Whether it’s being worn by an amateur or a professional, there’s no denying that nothing quite makes a game of soccer like putting on a pair of clean, fresh cleats. Like the soccer ball, this footwear is a symbol of the game, much like it is for both rugby and hockey, all of which share a similar history.
It’s among the gear that’s most often taken for granted by players, but without a good pair of cleats, most players would not be able to successfully keep up with their team mates or their competitors.
And while soccer cleats might just be shoes to most people, they are steeped in a long and fascinating evolution that saw them start out as nothing special and slowly become the obsession for countless fans across the world.
In fact, a number of high profile soccer players have sold their cleats over the years, often for thousands of dollars, and often to raise money for charity. One of the most well known examples of this is famed player Paul Pogba, who sold the cleats that he wore during the 2018 World Cup and raised a princely sum of $30000 that he gave away to charity.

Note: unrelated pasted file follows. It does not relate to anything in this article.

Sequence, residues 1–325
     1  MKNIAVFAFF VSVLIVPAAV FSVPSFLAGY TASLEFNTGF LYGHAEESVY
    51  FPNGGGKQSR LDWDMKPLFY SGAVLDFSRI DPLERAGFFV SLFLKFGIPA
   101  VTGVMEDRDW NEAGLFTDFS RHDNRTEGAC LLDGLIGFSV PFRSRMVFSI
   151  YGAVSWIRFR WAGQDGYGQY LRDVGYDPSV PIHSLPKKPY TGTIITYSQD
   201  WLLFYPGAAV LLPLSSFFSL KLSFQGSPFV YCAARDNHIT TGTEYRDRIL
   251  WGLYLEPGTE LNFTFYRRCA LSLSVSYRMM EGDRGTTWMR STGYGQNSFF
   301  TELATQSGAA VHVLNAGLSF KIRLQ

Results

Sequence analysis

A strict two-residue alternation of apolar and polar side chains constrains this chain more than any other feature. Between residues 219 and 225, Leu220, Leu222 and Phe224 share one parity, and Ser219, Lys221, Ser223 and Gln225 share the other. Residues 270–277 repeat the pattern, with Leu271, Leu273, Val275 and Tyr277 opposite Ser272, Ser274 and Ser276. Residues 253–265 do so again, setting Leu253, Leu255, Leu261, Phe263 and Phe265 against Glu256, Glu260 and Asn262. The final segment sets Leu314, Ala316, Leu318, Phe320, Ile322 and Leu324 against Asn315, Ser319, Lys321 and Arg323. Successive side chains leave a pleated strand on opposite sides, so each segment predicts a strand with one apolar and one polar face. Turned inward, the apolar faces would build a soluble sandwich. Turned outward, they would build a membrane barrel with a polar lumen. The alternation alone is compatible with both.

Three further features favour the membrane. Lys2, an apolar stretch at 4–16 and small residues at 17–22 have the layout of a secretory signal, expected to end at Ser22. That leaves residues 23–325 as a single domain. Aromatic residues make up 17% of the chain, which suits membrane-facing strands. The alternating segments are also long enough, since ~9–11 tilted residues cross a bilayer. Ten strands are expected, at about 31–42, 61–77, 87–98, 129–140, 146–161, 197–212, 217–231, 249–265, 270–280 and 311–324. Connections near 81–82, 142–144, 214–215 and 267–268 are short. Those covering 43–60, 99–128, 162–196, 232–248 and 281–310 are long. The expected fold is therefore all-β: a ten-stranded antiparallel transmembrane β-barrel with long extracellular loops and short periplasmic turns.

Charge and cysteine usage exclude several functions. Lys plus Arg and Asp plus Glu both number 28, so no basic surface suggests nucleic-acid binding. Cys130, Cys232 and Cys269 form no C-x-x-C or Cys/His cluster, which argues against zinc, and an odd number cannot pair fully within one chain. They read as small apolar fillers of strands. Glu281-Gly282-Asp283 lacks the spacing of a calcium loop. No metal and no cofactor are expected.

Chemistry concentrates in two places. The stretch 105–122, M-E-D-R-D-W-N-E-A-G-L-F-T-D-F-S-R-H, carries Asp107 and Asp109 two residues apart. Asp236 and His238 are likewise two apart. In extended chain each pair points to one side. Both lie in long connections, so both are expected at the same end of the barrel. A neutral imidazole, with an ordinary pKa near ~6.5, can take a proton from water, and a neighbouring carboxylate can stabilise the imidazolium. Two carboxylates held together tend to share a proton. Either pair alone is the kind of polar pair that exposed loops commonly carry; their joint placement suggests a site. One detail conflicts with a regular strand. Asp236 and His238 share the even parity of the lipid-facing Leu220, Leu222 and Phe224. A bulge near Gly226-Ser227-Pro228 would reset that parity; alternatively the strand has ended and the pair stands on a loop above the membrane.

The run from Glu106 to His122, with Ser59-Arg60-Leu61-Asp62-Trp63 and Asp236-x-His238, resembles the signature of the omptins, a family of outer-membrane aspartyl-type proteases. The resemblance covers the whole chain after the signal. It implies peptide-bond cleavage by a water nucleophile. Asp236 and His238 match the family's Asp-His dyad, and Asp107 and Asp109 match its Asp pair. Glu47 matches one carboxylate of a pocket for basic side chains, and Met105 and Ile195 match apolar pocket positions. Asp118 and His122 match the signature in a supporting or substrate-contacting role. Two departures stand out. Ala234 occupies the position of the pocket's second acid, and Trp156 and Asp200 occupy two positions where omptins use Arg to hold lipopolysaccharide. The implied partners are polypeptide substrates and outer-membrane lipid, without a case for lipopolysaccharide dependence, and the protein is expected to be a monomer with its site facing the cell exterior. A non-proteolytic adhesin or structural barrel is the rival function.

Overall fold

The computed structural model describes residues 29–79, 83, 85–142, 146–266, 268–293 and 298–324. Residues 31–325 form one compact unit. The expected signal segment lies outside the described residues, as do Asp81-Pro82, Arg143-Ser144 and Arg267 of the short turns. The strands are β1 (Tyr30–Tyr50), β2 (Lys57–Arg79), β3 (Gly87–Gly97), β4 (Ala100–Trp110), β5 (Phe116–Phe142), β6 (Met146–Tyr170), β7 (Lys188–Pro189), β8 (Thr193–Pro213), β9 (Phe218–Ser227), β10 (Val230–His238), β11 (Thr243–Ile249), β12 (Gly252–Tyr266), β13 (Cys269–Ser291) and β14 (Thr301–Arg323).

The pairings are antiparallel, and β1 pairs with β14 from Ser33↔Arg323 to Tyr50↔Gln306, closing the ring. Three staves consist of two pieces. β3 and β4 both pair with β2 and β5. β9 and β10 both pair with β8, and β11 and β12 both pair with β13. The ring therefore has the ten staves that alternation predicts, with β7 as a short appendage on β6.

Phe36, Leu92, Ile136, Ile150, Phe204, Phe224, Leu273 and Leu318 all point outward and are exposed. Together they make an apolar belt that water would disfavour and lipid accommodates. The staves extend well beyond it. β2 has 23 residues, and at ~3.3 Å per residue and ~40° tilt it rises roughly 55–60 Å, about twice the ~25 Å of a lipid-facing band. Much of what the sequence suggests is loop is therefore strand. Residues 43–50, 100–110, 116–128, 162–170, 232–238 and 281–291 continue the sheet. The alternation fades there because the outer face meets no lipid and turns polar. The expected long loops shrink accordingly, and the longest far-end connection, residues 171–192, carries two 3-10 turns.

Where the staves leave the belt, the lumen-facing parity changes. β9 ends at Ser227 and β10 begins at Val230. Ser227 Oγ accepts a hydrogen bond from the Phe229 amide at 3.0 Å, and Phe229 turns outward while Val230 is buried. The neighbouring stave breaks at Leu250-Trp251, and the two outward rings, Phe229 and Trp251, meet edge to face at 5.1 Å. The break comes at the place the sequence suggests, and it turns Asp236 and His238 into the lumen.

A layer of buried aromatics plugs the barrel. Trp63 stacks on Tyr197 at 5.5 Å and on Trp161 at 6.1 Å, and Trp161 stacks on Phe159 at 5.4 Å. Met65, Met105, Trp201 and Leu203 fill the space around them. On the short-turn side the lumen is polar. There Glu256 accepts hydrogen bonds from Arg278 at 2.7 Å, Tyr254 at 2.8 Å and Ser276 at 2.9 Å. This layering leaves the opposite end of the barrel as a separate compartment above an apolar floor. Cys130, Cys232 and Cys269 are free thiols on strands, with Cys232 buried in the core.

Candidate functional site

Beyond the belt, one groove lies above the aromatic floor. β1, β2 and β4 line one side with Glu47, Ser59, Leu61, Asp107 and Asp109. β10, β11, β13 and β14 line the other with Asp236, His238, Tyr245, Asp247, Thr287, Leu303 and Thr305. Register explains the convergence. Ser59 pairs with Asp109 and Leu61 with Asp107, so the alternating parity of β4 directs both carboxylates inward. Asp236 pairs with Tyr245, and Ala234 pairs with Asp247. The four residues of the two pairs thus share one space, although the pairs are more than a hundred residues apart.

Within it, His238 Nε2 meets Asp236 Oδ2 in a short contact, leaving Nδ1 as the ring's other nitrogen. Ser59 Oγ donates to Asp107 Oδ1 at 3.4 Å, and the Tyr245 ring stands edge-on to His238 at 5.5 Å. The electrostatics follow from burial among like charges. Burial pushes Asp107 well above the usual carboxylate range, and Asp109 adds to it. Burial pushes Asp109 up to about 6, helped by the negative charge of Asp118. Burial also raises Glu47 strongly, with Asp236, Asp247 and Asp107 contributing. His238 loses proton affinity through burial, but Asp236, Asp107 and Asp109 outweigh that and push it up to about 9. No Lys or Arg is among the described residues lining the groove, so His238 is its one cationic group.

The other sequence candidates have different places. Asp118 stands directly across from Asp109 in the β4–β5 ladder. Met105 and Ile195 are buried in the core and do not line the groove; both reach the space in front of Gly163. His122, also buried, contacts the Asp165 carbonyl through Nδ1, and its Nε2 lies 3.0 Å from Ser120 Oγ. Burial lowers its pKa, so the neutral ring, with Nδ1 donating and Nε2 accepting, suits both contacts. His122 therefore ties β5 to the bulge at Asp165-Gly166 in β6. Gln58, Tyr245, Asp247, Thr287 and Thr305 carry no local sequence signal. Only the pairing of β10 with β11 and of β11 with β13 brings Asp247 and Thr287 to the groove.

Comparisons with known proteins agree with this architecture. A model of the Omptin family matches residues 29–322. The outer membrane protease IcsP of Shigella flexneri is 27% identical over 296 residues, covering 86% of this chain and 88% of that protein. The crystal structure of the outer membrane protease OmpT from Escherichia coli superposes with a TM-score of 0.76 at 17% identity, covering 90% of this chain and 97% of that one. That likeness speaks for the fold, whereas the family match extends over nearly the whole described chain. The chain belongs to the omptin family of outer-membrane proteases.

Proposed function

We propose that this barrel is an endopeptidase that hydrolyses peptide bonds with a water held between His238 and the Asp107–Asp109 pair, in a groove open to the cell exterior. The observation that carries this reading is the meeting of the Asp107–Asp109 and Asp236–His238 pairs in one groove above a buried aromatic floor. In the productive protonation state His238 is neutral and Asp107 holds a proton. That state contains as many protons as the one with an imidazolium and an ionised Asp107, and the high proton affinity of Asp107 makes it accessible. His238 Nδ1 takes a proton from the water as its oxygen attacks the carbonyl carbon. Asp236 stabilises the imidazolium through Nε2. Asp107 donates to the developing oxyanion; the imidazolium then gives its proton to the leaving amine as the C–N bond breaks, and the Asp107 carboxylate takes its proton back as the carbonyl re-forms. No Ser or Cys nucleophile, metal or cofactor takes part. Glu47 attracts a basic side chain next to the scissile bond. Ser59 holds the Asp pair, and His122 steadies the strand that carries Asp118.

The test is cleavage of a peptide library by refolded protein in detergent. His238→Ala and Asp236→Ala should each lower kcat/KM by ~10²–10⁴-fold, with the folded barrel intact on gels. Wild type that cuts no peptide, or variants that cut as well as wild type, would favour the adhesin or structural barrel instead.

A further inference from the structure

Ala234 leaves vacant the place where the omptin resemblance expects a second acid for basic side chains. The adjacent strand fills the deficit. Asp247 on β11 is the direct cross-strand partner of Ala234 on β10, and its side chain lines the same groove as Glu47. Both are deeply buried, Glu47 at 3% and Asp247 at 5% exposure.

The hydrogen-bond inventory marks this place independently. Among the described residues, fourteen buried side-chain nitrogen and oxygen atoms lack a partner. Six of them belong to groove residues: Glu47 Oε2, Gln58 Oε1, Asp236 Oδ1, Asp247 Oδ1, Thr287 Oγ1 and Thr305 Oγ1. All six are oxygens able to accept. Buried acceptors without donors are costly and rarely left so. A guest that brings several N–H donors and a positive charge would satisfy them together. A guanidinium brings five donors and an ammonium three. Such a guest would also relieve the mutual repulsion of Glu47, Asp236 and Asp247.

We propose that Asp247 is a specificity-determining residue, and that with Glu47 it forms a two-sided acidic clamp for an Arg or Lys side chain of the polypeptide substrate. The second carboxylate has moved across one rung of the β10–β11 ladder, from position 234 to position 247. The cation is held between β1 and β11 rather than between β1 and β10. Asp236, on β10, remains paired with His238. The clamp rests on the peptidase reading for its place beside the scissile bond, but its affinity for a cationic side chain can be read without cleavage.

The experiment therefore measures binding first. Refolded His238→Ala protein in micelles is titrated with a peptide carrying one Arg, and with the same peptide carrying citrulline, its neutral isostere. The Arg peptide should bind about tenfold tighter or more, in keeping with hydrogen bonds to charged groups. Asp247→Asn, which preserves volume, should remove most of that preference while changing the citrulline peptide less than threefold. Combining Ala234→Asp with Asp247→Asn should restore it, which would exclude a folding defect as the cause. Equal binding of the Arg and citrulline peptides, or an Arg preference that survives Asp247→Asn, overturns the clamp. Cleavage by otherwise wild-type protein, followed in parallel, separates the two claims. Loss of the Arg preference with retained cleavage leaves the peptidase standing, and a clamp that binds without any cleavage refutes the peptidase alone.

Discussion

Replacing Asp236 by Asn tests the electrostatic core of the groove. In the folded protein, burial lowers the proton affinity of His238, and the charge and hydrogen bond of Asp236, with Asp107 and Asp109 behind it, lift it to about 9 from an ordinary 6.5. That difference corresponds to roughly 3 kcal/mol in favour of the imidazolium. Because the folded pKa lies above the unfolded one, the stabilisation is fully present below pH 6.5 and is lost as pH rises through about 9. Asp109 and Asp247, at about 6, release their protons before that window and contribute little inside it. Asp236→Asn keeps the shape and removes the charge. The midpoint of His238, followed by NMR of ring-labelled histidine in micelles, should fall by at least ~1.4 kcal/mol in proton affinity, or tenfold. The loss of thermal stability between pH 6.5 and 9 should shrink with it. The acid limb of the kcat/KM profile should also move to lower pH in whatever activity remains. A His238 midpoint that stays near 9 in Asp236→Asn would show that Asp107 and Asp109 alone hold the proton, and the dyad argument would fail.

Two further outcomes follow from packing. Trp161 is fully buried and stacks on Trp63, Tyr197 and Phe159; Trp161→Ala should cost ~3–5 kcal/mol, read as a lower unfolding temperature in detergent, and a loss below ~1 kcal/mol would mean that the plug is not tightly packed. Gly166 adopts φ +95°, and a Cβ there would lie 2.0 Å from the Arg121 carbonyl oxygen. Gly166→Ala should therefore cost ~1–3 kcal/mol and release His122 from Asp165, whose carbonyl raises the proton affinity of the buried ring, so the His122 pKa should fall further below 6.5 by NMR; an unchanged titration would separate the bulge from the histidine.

The Origin of Soccer Cleats
It’s believed by many historians that sports cleats, or shoes that have some sort of grip on the bottom, can be dated as far back as the 3rd century, where they were worn by the ancient Romans and possibly the Greeks. Cleats would make their way to England, where they would be made popular during the reign of King Henry VIIII, who was recorded as the first person to officially order a set of ankle high boots made out of leather, specifically for sport.
The leather they were made out of was quite rigid, and the shoes would have been uncomfortable by our modern standards, but they proved to be a landmark for the people at the time, and would later become famous around the globe, being found in most forms of modern media, from television shows to popular games that offer bonuses for you to enjoy.
How They Evolved
These original cleats were expensive to make, and it led to most people having to make their own at home using their own materials. This quickly led to a huge rise in popularity of cleats around Great Britain, where more and more of the working class began to create different kinds of cleats for different purposes. Some of these became the rugby boots that are still worn today, while others would be used in games like hockey and many others. The soccer cleat would undergo numerous changes over the years, eventually becoming adopted by professional sportswear companies like Adidas. The rules for how soccer cleats were meant to look and perform were in place by the turn of the 19th century, but it would take another hundred years before we got the standards that we know so well today.